Monday, November 26, 2012

Purple: organized crime in a small town Film Showing

On Tuesday, November 27, the Clarke Historical Library will be co-sponsoring the Mount Pleasant premier of Purple: organized crime in a small town. Filmed in Clare and produced by CMU Broadcast and Cinematic Arts faculty member Ben Tigner, Purple chronicles the Purple Gang, an organized crime syndicate that operated in central Michigan during the 1920s and ‘30s. The film will be shown at 7:30 pm in the Plachta Auditorium located on the campus of Central Michigan University. Admission is free and open to the public, but you are asked to RSVP via this website or by calling 989-774-331.

Due to the film showing and the preparations involved in this, the Clarke Historical Library will be closing at 4:00 pm on Tuesday, November 27. We apologize for any inconvenience that this presents.

Wednesday, November 21, 2012

The Sinking of the Christmas Tree Ship

[editors note: The Clarke Historical Library staff would like to wish you and your family a Happy Thanksgiving. Because of the holiday, we will be closed Thursday, November 22 through Sunday, November 25. We will open with our regular hours on Monday, November 26.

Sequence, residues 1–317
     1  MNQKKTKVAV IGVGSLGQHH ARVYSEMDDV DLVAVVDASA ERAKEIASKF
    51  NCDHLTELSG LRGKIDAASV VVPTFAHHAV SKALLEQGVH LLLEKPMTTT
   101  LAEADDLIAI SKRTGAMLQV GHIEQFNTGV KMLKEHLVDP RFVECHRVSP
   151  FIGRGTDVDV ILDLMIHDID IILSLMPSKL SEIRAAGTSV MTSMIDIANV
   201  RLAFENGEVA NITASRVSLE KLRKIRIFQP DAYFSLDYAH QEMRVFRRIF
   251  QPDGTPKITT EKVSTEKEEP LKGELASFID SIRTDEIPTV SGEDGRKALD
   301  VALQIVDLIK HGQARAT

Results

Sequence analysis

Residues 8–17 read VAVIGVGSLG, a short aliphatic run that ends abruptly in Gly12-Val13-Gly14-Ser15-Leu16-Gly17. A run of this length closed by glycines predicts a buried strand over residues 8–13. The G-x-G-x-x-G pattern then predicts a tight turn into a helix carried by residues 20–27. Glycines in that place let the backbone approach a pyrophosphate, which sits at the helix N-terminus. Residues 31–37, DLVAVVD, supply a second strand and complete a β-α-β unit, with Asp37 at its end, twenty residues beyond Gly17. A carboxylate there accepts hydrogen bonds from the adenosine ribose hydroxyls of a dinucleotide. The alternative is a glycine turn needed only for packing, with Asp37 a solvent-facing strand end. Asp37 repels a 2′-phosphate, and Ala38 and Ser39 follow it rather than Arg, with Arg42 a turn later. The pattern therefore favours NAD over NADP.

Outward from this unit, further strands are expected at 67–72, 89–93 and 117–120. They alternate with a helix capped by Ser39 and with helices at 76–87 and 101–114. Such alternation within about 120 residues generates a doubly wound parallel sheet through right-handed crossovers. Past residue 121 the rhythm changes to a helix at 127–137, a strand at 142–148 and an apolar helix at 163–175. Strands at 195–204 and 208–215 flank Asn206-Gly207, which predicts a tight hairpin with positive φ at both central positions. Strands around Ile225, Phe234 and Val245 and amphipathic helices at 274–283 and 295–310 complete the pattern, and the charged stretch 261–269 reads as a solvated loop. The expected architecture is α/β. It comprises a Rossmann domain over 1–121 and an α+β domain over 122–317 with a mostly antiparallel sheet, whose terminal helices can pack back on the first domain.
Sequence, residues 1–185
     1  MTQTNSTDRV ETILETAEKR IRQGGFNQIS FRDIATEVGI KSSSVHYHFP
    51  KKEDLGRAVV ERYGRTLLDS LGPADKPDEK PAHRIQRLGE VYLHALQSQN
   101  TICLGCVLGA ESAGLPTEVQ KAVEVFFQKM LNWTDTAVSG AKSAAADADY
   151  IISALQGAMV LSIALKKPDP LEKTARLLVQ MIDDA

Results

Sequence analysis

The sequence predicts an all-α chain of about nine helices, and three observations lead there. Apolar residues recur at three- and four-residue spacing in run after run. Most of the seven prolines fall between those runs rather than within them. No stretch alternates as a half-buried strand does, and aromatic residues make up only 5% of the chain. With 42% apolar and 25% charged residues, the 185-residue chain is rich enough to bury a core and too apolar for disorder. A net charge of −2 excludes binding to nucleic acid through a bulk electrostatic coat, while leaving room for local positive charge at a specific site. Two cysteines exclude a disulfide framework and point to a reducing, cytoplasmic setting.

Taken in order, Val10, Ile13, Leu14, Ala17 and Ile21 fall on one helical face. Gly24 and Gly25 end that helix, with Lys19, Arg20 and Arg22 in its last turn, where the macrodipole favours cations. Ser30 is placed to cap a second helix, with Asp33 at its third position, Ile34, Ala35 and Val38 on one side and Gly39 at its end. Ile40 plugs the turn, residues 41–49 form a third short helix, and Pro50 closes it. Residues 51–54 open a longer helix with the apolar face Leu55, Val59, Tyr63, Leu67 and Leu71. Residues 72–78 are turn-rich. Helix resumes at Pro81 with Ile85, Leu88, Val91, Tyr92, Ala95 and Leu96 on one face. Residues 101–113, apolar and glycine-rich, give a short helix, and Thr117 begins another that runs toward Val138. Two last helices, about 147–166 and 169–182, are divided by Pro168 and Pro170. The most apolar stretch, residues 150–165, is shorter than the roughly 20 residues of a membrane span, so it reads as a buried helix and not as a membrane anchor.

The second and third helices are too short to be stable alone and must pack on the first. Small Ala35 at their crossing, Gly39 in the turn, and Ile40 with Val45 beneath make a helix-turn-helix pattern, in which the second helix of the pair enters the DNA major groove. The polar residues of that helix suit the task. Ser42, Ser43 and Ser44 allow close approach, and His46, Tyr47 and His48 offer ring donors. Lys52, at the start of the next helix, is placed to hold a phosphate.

And don't forget, Tuesday, November 27 is the Mount Pleasant Premier of Purple: Organized crime in a small town. The film will be shown at 7:30 pm in Plachta Auditorium. Visit this site for more information.]

From R. M. Pennington's The Christmas Tree Ship : the story of Captain Santa
The Sinking of the Christmas Tree Ship

by Lindsay Gabriel and Bryan Whitledge

Today, November 21, marks the 100th anniversary of the final departure of the Rouse Simmons, also known as the "Christmas Tree Ship." The Rouse Simmons was a Lake Michigan vessel that was most noted for being loaded with freshly cut Christmas trees to be delivered to the city of Chicago in November and December each year. At the time of her maiden voyage on September 4, 1886, her original purpose was not to haul Christmas trees, but to be used as a lumber boat traveling between Manistee, Michigan and Chicago. In the 1890s, the Rouse Simmons began an annual journey from Michigan laden with Christmas trees for the Chicago market. As the years passed, the schooner was re-purposed to transport iron and copper ores, lumber, piling, and rough stock of all descriptions, but the annual voyage with Christmas trees was always part of her program. The Captain of “Chicago’s Christmas Tree Ship” was Herman Schuenemann. For his part in transporting the cargo, Schuenemann was known as Captain Santa.